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Oppositional Defiant Disorder

Every child will test boundaries and disobey parents at times, especially during toddler years and adolescence. However, if a child exhibits frequent uncooperative or hostile behavior that significantly interferes with family, social activities and academic performance, it could be oppositional defiant disorder (ODD). This disorder can only be diagnosed after a thorough mental health evaluation done by a professional. If left untreated, some children develop conduct disorder, which is associated with more aggressive, violent and destructive behaviors.

Symptoms
Signs of ODD often arise during preschool years, but may appear later. Some children only display symptoms at home, while others also exhibit symptoms at school and other settings. Signs include:

  • Frequent temper tantrums
  • Excessive arguing with adults
  • Often questioning rules
  • Active defiance and refusal to comply with adult requests and rules
  • Deliberate attempts to annoy or upset people
  • Blaming others for his or her mistakes or misbehavior
  • Often being touchy or easily annoyed by others
  • Frequent anger and resentment
  • Mean and hateful talking when upset
  • Spiteful attitude and revenge seeking

Source: American Academy of Child and Adolescent Psychiatry

In order to make a diagnosis the child must meet certain criteria outlined in the Diagnostic and Statistical Manual of Mental Disorders (DSM-5), published by the American Psychiatric Association’s. The criteria are:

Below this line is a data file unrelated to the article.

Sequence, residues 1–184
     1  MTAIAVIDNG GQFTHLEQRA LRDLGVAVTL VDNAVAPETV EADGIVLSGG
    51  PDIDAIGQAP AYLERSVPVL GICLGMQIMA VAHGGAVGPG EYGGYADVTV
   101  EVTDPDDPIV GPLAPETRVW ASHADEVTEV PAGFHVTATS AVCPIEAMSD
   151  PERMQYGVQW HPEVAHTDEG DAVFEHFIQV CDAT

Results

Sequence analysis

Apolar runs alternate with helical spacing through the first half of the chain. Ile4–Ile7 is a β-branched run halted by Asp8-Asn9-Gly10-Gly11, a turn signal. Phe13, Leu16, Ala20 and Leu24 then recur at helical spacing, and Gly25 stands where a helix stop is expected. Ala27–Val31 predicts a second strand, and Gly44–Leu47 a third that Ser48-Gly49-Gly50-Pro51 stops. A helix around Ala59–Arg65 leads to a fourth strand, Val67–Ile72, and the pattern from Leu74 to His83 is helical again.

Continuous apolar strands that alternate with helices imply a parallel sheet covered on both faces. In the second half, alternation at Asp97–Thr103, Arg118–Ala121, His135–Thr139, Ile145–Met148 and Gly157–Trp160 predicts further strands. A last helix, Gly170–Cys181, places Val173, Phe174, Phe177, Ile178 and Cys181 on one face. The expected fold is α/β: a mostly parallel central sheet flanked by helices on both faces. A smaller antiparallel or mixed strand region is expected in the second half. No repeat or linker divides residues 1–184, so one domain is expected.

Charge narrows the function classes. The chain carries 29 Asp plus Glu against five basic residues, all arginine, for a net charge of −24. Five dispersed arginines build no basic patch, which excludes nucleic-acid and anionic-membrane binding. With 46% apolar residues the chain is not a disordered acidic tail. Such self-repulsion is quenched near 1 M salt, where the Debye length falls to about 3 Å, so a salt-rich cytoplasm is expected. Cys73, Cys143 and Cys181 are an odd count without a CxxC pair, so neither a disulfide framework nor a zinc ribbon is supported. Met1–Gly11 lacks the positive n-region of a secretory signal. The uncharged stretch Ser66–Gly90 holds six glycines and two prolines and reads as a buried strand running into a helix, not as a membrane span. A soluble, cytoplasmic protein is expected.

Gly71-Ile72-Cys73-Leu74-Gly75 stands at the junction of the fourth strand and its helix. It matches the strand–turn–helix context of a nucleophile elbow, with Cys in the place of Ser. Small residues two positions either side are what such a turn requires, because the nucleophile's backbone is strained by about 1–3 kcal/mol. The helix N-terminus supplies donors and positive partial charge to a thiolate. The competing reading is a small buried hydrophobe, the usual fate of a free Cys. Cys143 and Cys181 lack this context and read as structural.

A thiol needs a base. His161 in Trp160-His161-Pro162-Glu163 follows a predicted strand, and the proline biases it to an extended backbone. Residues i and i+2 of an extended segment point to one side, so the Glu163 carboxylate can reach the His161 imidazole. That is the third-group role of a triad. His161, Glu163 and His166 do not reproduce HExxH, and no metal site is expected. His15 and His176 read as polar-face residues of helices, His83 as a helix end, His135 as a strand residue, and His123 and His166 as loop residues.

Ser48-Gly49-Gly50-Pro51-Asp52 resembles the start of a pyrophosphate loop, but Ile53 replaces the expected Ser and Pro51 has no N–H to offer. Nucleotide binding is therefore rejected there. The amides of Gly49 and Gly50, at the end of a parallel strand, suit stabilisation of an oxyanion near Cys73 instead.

• Includes at least four symptoms
  • Occurs with at least one individual who is not a sibling (usually an authority figure)
  • Causes significant impairment at school, home or work
  • Behavior is not the result a substance use disorder or another mental illness, such as depression or bipolar disorder
  • Is constant for at least six months

Treatment
The treatment for ODD varies for each person and is be based on age, severity of disorder, and the family situation. The most common therapies used are parent training, individual and family therapy and problem-solving skills training. In addition to treating ODD, it is critical to treat any co-occurring disorder that may be present.

  • Parent Training – This involves teaching parents and caregivers how to manage the child’s behavior. Positive reinforcement and discipline techniques are taught. One form of training is parent-child interaction training (PCIT). During PCIT sessions, therapists watch through a one-way mirror and coach caregivers through an earphone as they interact with the child.
  • Individual and Family TherapyCognitive behavioral therapy techniques are used during both individual and family therapy sessions. In individual sessions, the therapist works with the child to help them develop anger management techniques and discuss healthy ways to express emotions. Family sessions usually focus on improving communication between caregivers and children.
  • Cognitive Problem-Solving Training – This therapy teaches healthy, productive ways to respond to the stressful situations that trigger negative behaviors. By identifying negative thought patterns and behaviors, the child learns how to approach the situations differently.
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    One thing to keep in mind is extreme punishment and “tough love” should not be used because it isn’t effective and can actually worsen the behaviors. It’s important to emphasize positive reinforcement and work with the professionals to determine what discipline techniques might be helpful.

    Resources
    American Academy of Child and Adolescent Psychiatry

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